Uruguayan Clericó (Clericot)

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Looking to prepare a refreshing, fruity alcoholic drink that’s ideal for summer evenings and casual gatherings?

Uruguayan Clericot is one of Latin America’s feel-good drinks that everyone can enjoy.

It’s rich, fruity, and very refreshing. Enjoyed ice-cold, every sip is a breathtaking blend of sweet and sour. And best of all, it’s so easy to make.

What is Clericot?

Clericot, or clericó, is a rich alcoholic drink, popular throughout Latin America. It is similar to Spanish and Portuguese Sangria.

Clericot is usually prepared in a large jar or pouring jug. It is often drunk during the summer months, or on holidays, such as New Year.

Different versions of Clericot can be found in many Latin American countries. However, its core ingredients are always various in-season fruits mixed with red or white wine, sugar, and ice.

Uruguayan Clericot mixes crisp, refreshing white wine with a range of juicy and delicious fruits.

It is a simple drink to prepare, and perfect for birthdays, large gatherings, and relaxed summer evenings out on the patio or porch.

How to Make Clericot (Step-By-Step)

Get your ingredients together: in-season fruit, a bottle of white wine, 1/2 cup (about 100 ml) of sparkling water, fresh mint, and 2 tablespoons (about 25 grams) of sugar

Clericot ingredients

For fruit, I went with orange, lemon, Granny Smith apple, kiwi, grapes, strawberries, pear, and banana.

You can get creative with whatever fruit you have in-season where you live. Just make sure you have at least 1/2 pound of fruit (about 225 grams).

Clericot ingredients

Dice the fruit into small pieces or slice it into thin slices, and place them into a large pitcher.

If you’re using bananas, don’t add them quite yet.

If you don’t intend to drink the Clericot within 12 hours, you should peel any citrus fruit as the drink will eventually get bitter from the citrus peel.

Clericot ingredients and cut-up fruit

Now that you’ve prepped the fruit, add the 2 tablespoons of sugar to the fruit, and place the jar in the fridge for about 20 minutes.

Clericot: adding sugar to the fruits

Now add the mint and the bottle of wine…

Clericot: adding wine to the macerated fruit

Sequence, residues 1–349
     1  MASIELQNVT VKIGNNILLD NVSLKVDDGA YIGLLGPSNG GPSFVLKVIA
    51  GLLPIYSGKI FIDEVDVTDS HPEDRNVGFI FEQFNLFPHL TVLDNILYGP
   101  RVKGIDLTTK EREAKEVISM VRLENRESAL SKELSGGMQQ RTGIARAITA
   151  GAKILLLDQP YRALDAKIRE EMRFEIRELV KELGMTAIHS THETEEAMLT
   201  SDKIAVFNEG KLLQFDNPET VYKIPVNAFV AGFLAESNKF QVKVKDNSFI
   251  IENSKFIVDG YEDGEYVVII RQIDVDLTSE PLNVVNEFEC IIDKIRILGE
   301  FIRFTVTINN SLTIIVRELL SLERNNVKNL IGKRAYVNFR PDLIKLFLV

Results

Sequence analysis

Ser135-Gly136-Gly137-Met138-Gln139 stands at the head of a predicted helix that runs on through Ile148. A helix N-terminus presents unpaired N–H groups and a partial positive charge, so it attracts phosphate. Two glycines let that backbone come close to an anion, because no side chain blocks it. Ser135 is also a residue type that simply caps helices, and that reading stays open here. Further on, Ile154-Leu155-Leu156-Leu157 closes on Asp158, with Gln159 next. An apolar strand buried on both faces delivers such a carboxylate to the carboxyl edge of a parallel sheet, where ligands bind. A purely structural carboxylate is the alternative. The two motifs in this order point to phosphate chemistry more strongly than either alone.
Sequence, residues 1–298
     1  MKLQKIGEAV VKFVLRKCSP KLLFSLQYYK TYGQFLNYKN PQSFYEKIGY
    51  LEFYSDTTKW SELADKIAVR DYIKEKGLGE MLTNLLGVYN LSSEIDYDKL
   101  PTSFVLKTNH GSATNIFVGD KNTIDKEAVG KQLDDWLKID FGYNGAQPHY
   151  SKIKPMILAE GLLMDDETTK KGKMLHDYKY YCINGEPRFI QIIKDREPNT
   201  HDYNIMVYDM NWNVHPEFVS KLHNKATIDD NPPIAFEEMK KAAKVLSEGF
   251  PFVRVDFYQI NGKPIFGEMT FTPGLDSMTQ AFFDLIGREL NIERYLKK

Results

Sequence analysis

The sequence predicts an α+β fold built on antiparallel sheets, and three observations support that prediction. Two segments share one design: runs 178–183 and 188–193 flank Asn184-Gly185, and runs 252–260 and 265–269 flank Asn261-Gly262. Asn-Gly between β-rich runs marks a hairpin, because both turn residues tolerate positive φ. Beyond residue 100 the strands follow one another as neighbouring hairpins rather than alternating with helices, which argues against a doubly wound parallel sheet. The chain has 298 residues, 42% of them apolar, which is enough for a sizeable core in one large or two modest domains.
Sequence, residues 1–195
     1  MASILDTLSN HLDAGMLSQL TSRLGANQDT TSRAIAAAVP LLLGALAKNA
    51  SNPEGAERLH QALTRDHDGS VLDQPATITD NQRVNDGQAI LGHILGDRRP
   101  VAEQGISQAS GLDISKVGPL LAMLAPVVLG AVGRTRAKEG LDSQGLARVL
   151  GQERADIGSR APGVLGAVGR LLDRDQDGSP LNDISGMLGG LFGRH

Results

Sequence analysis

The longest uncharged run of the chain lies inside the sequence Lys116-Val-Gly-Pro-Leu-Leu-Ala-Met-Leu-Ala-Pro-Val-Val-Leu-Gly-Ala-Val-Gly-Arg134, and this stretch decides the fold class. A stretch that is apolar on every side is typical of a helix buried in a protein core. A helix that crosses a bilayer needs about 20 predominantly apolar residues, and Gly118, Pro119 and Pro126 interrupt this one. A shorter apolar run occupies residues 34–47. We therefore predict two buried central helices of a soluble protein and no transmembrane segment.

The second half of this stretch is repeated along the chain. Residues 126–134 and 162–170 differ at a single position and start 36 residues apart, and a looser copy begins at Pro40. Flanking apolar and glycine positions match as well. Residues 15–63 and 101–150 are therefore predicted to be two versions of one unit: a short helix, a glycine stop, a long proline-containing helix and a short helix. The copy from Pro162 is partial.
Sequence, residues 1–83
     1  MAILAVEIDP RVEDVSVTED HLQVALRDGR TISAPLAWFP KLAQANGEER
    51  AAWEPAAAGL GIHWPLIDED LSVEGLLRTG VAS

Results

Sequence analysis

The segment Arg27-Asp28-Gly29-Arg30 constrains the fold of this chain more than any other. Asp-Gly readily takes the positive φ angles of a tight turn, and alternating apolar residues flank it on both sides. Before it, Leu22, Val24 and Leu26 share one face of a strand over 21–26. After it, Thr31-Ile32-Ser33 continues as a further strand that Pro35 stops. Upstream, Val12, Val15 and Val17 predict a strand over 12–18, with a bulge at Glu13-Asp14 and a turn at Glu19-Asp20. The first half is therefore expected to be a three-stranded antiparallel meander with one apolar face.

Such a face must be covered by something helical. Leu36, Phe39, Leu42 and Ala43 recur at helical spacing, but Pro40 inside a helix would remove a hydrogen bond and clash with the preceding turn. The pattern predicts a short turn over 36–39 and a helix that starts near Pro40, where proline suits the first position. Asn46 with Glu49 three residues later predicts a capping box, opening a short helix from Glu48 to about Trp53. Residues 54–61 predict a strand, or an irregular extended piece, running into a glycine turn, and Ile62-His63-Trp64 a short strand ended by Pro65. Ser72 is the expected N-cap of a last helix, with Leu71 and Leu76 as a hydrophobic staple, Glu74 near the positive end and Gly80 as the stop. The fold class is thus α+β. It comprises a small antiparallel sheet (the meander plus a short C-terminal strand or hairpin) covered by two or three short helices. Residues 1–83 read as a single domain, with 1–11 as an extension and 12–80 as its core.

…and the sparkling water.

Clericot: adding sparkling water to the macerated fruit and wine

Finally, mix it lightly, and add the banana slices at the very end.

Clericot: adding banana slices

And now, leave the pitcher in the fridge for a couple of hours (at least 2 hours).

Clericot in a pitcher

Serve the Clericot with ice cubes and fresh mint leaves. And remember, always drink it cold.

Clericot in glasses and pitchers
Clericot in a glass served with mint

Get creative with the combinations of fruit. And let us know which combination you like best!

Enjoy your Uruguayan Clericot!

Uruguayan Clericot Recipe

Uruguayan Clerico (Clericot)

Uruguayan Clerico (Clericot)

Ingredients

  • At least 1/2 pound (about 225 grams) of in-season fresh fruits (peaches, cherries, pears, apples, strawberries, grapes, kiwis, pineapple, banana, blueberries, etc.)
  • 1 bottle white wine
  • 2 tablespoons (about 25 grams) sugar
  • 1/2 cup (about 100 ml) sparkling water
  • Fresh mint leaves
  • Ice

Instructions

Peel the fruit, then dice into small pieces or thin slices, and place them (except the banana slices) into a large pitcher.

Add the sugar to the fruit, and place the pitcher in the fridge for about 20 minutes.

Add the mint, the wine, and the sparkling water to the pitcher.

Mix everything, and add the banana slices at the very end (if using bananas).

Leave it in the fridge for a couple of hours (at least 2 hours).

Serve with ice cubes and fresh mint leaves.

Notes

1. For the recipe in the photos, I went with orange, lemon, Granny Smith apple, kiwi, grapes, strawberries, pear, and banana.

2. Tip: Clericot is always served cold. So make sure to have plenty of ice cubes.

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Author: Doina Ieseanu Johnson is a content writer and strategist, who has traveled to over 30 countries. She is passionate about trying new foods, and loves to make foods she has tried on her travels at home.

Contributor: Cecilia Demartini is a creative writer from Maldonado, Uruguay. She writes on a number of topics, including Uruguayan cusine, recipes, and culture.

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